ITS pricing strategies can reduce traffic congestion and enhance the quality of service of buses.
International experience with congestion pricing
Singapore; Singapore; London; England; Rome; Italy; Trondheim; Norway; Stockholm; Sweden
ITS can improve the operational aspects of congestion pricing with minimal intrusion on traffic flow. The following data excerpted from Table 1 of the source highlight findings from several case studies that show congestion charging can improve traffic flow and increase the efficiency of public transportation systems.
Table 1 (Source: Button,K.J and H. Vega, Pricing Intelligent Transportation Systems: A Review, Report No. DTFH61-06-H-00014, U.S. DOT FHWA. 2007.)
|City||Traffic effects||Congestion effects||Public transport effects|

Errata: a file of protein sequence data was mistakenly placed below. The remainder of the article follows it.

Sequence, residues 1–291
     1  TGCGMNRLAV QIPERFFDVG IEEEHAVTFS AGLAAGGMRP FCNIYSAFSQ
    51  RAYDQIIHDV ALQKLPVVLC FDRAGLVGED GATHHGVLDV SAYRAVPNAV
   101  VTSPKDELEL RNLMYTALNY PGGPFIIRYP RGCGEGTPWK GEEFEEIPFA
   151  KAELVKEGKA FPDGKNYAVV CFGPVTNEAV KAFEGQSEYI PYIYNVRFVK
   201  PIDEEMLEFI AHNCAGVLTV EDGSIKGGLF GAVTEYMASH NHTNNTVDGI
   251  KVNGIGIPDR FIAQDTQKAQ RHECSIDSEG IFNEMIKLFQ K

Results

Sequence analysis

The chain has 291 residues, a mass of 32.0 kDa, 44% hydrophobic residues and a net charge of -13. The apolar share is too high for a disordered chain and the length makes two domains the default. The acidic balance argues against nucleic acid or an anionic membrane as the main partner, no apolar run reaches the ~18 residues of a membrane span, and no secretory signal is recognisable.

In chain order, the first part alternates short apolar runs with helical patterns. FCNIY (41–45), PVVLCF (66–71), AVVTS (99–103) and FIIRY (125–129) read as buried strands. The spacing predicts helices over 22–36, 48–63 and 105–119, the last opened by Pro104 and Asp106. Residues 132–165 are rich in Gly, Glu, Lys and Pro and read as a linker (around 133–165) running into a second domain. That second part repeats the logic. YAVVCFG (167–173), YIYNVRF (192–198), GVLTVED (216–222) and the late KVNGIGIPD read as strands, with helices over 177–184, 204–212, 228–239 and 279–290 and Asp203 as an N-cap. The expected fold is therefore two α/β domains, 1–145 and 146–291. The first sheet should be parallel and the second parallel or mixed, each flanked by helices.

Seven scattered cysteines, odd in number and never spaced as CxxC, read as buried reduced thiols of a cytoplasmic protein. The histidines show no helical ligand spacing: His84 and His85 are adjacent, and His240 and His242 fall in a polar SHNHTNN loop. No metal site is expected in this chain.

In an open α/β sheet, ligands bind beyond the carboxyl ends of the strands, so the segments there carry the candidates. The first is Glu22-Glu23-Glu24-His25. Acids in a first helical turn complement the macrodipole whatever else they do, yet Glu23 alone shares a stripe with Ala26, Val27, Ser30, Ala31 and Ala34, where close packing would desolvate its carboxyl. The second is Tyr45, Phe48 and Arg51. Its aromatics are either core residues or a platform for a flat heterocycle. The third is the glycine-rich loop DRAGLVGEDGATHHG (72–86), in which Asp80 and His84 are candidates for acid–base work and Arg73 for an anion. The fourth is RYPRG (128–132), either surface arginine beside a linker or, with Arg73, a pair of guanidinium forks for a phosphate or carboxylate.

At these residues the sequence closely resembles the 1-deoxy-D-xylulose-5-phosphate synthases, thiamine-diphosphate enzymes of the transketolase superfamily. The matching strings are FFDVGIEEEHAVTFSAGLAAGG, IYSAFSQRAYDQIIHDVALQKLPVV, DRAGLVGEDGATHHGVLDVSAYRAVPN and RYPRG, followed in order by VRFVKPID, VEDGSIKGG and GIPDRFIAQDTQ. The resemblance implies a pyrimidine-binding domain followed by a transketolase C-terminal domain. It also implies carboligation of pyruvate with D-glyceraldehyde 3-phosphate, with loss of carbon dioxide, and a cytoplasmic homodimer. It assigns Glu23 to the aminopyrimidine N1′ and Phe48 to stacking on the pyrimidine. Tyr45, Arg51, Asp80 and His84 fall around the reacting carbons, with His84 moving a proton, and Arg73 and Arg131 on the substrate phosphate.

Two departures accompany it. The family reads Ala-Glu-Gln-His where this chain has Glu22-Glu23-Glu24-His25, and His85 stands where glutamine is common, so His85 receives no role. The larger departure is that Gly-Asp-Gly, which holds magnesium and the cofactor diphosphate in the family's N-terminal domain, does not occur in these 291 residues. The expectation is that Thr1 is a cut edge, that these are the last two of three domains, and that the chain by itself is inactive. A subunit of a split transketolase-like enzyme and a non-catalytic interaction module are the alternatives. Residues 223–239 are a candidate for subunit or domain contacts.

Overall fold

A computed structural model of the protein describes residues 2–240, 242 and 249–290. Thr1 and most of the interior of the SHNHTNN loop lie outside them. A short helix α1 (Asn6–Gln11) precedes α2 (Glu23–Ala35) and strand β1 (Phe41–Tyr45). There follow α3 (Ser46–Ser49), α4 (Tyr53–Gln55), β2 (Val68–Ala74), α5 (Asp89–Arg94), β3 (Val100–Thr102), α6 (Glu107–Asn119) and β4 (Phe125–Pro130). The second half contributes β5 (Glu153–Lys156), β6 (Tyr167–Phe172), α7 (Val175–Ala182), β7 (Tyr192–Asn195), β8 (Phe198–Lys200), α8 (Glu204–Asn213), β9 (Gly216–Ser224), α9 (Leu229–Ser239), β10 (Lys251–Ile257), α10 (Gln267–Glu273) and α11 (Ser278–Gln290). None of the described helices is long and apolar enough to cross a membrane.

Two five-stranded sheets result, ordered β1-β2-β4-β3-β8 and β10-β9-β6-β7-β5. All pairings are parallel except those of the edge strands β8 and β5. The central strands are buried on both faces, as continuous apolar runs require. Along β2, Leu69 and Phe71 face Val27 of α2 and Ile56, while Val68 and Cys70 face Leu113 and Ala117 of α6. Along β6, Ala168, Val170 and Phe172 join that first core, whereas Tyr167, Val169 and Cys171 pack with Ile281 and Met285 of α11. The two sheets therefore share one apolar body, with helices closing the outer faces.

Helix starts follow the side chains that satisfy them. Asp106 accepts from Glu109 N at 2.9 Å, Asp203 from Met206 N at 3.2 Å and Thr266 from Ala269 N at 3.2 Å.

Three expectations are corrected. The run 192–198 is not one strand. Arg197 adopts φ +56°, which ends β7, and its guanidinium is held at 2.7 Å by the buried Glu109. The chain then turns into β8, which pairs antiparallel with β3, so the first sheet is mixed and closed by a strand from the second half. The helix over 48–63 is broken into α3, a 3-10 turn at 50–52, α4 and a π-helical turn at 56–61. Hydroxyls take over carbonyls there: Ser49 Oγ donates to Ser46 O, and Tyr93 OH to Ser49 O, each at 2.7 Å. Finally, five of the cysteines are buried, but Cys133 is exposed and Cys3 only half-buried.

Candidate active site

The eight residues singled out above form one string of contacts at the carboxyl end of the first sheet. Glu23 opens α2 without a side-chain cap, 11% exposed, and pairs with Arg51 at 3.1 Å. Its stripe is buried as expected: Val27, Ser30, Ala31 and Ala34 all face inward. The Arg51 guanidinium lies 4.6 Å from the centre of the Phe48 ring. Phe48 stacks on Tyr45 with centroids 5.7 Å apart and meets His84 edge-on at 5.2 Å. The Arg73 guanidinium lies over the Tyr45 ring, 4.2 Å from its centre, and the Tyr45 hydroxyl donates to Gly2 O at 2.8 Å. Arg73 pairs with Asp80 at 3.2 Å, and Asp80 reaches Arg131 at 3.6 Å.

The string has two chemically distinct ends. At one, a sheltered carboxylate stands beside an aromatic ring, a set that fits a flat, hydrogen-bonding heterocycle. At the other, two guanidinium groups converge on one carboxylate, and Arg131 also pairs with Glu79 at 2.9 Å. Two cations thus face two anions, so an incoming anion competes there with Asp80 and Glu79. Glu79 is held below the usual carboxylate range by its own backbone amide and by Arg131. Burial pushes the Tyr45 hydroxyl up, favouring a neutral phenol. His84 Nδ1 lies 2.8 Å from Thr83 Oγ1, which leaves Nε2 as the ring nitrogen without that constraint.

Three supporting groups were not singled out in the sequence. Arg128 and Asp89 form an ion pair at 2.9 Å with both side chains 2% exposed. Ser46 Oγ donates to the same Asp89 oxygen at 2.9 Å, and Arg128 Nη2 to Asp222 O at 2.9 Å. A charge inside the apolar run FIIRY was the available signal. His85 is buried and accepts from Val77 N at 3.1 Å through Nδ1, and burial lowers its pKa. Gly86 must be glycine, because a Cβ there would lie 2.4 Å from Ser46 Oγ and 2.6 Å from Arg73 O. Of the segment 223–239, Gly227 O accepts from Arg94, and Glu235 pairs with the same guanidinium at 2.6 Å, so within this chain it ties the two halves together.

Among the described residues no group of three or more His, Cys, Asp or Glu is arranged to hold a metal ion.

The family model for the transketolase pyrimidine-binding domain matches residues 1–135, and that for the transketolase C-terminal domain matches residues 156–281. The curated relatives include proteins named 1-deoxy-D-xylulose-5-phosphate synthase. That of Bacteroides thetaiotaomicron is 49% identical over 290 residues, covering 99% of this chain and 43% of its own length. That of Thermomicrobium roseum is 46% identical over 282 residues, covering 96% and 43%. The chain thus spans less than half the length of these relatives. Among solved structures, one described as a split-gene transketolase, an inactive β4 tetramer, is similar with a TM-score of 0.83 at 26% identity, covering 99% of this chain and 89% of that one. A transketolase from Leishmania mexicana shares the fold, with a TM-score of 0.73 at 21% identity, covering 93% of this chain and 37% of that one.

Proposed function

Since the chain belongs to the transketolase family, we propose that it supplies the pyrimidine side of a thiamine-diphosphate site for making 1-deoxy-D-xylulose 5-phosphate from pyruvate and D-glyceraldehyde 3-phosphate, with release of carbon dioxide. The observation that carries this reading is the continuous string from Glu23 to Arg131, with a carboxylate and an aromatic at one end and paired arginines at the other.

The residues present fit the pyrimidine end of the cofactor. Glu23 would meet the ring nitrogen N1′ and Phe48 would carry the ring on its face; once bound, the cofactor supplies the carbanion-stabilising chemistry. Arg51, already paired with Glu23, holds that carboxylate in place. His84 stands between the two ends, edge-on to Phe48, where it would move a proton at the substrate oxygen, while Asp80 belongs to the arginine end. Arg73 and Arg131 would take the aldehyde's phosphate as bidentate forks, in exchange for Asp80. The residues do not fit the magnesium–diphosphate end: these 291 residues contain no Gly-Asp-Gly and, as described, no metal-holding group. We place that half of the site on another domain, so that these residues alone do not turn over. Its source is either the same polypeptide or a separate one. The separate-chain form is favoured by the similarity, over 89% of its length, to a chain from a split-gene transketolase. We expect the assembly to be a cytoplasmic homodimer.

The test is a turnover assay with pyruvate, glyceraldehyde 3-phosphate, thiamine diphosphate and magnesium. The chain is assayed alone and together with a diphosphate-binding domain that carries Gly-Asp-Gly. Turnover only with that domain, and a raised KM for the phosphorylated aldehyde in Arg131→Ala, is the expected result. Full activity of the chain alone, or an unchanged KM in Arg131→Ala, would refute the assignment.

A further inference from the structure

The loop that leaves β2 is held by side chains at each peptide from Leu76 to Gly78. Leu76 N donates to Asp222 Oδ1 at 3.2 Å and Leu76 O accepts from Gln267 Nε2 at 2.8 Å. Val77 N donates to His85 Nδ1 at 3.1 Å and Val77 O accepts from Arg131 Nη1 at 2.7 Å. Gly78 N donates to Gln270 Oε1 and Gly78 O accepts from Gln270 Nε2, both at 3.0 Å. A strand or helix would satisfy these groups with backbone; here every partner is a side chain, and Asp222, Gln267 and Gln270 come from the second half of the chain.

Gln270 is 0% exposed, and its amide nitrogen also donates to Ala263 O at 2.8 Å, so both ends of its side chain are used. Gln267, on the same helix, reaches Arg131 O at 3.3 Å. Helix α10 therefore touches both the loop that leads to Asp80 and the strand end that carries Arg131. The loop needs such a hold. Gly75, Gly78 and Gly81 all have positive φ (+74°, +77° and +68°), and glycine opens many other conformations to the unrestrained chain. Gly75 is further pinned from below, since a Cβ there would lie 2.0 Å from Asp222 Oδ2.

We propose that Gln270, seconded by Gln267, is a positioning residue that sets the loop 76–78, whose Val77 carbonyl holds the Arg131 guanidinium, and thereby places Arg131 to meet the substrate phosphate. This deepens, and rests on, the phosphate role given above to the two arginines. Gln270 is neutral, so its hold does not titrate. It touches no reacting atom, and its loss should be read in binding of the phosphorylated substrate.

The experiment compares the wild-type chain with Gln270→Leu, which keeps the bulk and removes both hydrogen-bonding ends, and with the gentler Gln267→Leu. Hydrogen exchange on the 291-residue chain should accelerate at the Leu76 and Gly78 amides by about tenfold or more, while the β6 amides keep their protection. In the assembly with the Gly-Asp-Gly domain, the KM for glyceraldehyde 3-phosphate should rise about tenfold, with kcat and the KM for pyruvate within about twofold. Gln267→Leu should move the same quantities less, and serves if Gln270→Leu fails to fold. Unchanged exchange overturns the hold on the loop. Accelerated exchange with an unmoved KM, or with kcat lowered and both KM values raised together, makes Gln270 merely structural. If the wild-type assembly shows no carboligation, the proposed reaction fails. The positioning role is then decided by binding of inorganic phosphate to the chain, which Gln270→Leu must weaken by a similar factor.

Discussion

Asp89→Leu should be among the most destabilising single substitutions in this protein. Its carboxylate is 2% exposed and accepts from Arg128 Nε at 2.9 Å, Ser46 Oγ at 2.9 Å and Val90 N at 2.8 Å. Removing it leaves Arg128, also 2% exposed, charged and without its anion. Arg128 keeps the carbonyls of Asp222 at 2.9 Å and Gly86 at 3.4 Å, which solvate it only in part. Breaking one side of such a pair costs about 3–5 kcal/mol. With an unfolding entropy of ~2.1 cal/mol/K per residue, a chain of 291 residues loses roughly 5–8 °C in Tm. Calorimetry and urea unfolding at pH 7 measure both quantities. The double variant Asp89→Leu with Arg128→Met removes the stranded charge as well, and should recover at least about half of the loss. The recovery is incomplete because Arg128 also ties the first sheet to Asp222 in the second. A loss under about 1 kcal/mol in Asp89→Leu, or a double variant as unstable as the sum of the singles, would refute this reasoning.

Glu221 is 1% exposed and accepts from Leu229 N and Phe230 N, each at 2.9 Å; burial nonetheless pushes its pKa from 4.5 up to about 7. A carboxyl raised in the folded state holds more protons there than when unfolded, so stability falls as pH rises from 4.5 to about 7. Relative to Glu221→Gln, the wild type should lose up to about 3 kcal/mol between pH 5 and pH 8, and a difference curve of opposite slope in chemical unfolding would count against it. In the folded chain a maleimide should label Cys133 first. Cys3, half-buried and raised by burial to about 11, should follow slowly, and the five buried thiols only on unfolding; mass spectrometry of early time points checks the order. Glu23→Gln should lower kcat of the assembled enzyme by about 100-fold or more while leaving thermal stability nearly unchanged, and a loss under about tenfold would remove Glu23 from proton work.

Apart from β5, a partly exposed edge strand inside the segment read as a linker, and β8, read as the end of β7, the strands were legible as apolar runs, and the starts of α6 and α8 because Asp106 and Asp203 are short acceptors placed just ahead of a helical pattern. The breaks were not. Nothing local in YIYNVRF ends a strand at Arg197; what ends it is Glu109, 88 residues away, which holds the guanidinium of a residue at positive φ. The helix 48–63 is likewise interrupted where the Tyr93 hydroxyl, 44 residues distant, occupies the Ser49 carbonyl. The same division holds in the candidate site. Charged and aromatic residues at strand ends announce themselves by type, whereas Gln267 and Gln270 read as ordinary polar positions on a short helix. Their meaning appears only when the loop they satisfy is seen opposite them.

|Singapore, 1975-19981||- 44%; -31% by 1988||Average speed increased from 19 to 36 km/h||Modal Shift, from 33% to 46% trips to work by city bus, 69% in 1983|
|Trondheim, 1991||-10 %||n.a.||+7% city bus patronage|
|Singapore, 19982||-10 to -15%||Optimized road usage, 20 to 30 km/h roads, 45 to 65 km/h expressways||Slight shift to city bus|
|Rome, 2001||-20 %||n.a.||+ 6%|
|London, 2003||-18% 2003 vs 2002, 0% 2004 versus 2003||-30%. 1.6 min/km typical delay 2003, 2004 versus 2002 (2.3 min/km)||+18% during peak hours bus patronage 2003, +12% in 2004|
|London, 20053||Small net reductions|
- 4% 2005/06
|- 22%. 1.8 min/km typical delay||bus patronage steady|
|Stockholm, 2006||- 30% 2006 versus 2004||-30 to -50% journey time||+ 6%|
2 Electronic fee collection introduced.
3 New rate introduced.
ITS Regional Integration: Task 6 (Pricing ITS) - Subtask 4 (Final Report)
Author: Button, Kenneth
Published By: U.S. DOT Federal Highway Administration
Source Date: September 2009
Other Reference Number: DTFH61-06-H-00014
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